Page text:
As an infectious disease doctor, Nasia Safdar is a detective of sorts at the University of Wisconsin Hospital in Madison. She tracks the patterns of infections, from the type of illness to the organism at its root, and in spring 2014, she noticed something odd: A cluster of bloodstream infections caused by an uncommon, and potentially deadly, bacteria.
The microbe, Serratia marcescens, can infect the lungs, bladder, blood, and skin, and usually causes a few infections per year at Safdar’s hospital; some studies estimate that about 1 out of 100,000 people fall prey to a blood infection from the bacteria annually. So it was strange that five cases had occurred in just five weeks, and Safdar did a double take.
“There were more cases than we had been used to,” Safdar said. “I thought that needed investigation.”
Because the bacteria were all the same strain, Safdar was confident the cluster stemmed from a single source. But what was it? To find out, Safdar scanned each patient’s chart, searching for a common thread.
For example, Safdar said, “Serratia is a moisture-loving organism, so we looked at all the medications and fluids the patients were getting.”
The patients infected by the bacteria had received the same drugs as those who hadn’t gotten sick. What differed was their location: All but one of the patients had spent time in the post-surgery recovery unit. What’s more, some of these patients reported pain after the operation that was poorly controlled by opioid medicines.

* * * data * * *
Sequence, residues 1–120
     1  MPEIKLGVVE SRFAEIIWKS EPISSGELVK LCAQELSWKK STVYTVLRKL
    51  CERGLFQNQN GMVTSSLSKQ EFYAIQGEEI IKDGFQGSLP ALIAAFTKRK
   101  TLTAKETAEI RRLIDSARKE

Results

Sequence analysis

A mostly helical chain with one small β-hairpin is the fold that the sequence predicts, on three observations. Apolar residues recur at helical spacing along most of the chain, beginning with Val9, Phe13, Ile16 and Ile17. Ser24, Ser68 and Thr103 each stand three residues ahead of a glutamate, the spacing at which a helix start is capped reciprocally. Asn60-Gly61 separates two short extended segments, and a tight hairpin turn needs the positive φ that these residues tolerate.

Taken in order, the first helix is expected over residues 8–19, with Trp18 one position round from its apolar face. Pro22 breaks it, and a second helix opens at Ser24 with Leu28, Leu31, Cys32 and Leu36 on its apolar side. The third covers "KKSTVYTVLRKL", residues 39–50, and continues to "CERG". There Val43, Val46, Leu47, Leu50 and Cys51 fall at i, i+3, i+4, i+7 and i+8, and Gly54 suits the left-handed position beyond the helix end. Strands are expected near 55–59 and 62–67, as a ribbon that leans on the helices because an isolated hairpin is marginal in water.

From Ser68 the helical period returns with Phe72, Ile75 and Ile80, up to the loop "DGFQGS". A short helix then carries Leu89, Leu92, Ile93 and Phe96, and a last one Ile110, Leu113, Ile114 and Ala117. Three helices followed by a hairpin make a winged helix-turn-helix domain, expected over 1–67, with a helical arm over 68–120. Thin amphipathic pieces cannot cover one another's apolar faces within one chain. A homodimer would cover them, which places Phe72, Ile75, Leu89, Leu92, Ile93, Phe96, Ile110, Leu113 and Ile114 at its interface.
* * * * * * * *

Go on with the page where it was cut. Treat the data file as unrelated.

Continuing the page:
“Because we try to be diligent about pain control, that set off a red flag,” Safdar said.
Syringes with missing caps
Little did Safdar know, her colleagues in the pharmacy department at the hospital were conducting their own investigation. In mid-March 2014 — less than two weeks after the first Serratia case — a nurse had discovered that the tamper-resistant caps had been removed from 10 syringes of opioids. Less than a month later, three more were discovered. Lab testing revealed the tubes held next-to-no medicine; instead, they’d been filled with saline solution.
Subsequent testing of an additional 10 random opioid syringes in the hospital’s pharmacy and medication dispensers showed one contained only a tiny fraction of its original medicine.
The findings spurred an intensive investigation, including installing surveillance cameras. Over the next two months, investigators discovered more than 40 opioid syringes hospital-wide that had been emptied and refilled with salt water. The path led to a nurse working in the post-operative area; she had entered her password to remove medications from drug dispensers just before four of the patients who contracted Serratia received their medicine. The fifth patient who came down with the bloodstream infection lived with the nurse; he was her father.
Investigators believe the saline the nurse used to re-fill the syringes was contaminated by Serratia, although the containers were destroyed before they could be tested for the bacteria. They concluded she likely brought the liquid from home.
“It was very frustrating because it took awhile to link a person to all these cases, and we felt helpless,” said Safdar, who recently published the team’s findings in the journal Infection Control & Hospital Epidemiology. “We felt very relieved to find the culprit.”
The nurse, who reported struggling with opioid addiction, was swiftly fired for stealing the drugs. That ended the string of Serratia infections. She also lost her nursing license and was convicted on four counts of narcotics possession and placed on five years of probation; at the time of the trial, the investigation into the Serratia outbreak hadn’t yet linked her to the infections.